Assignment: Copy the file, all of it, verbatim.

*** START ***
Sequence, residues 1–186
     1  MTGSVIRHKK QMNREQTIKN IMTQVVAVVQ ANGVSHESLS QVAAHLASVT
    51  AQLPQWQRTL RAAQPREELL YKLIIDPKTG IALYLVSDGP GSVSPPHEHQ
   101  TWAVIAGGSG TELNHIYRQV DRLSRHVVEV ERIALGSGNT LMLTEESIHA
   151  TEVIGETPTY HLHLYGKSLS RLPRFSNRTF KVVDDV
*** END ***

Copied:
Sequence, residues 1–186
     1  MTGSVIRHKK QMNREQTIKN IMTQVVAVVQ ANGVSHESLS QVAAHLASVT
    51  AQLPQWQRTL RAAQPREELL YKLIIDPKTG IALYLVSDGP GSVSPPHEHQ
   101  TWAVIAGGSG TELNHIYRQV DRLSRHVVEV ERIALGSGNT LMLTEESIHA
   151  TEVIGETPTY HLHLYGKSLS RLPRFSNRTF KVVDDV